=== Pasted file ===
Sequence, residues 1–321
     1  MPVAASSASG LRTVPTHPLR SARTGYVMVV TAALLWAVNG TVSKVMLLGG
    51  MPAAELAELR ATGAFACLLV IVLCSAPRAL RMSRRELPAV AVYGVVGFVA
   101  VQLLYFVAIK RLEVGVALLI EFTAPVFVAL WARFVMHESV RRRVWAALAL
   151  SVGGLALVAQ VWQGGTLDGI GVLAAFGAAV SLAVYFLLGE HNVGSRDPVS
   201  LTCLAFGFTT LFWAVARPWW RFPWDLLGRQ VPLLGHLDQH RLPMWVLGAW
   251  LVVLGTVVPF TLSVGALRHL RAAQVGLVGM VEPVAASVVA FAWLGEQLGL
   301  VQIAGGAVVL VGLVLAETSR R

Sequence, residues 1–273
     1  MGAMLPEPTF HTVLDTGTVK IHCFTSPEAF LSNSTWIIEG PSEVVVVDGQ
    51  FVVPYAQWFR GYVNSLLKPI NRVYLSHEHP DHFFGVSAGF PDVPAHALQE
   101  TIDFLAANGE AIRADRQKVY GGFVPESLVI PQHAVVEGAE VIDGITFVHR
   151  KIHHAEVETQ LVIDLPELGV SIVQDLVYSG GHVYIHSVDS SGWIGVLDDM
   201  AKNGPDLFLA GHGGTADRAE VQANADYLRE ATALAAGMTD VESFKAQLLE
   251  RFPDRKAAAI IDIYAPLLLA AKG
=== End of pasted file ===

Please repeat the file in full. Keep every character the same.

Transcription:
Sequence, residues 1–321
     1  MPVAASSASG LRTVPTHPLR SARTGYVMVV TAALLWAVNG TVSKVMLLGG
    51  MPAAELAELR ATGAFACLLV IVLCSAPRAL RMSRRELPAV AVYGVVGFVA
   101  VQLLYFVAIK RLEVGVALLI EFTAPVFVAL WARFVMHESV RRRVWAALAL
   151  SVGGLALVAQ VWQGGTLDGI GVLAAFGAAV SLAVYFLLGE HNVGSRDPVS
   201  LTCLAFGFTT LFWAVARPWW RFPWDLLGRQ VPLLGHLDQH RLPMWVLGAW
   251  LVVLGTVVPF TLSVGALRHL RAAQVGLVGM VEPVAASVVA FAWLGEQLGL
   301  VQIAGGAVVL VGLVLAETSR R

Sequence, residues 1–273
     1  MGAMLPEPTF HTVLDTGTVK IHCFTSPEAF LSNSTWIIEG PSEVVVVDGQ
    51  FVVPYAQWFR GYVNSLLKPI NRVYLSHEHP DHFFGVSAGF PDVPAHALQE
   101  TIDFLAANGE AIRADRQKVY GGFVPESLVI PQHAVVEGAE VIDGITFVHR
   151  KIHHAEVETQ LVIDLPELGV SIVQDLVYSG GHVYIHSVDS SGWIGVLDDM
   201  AKNGPDLFLA GHGGTADRAE VQANADYLRE ATALAAGMTD VESFKAQLLE
   251  RFPDRKAAAI IDIYAPLLLA AKG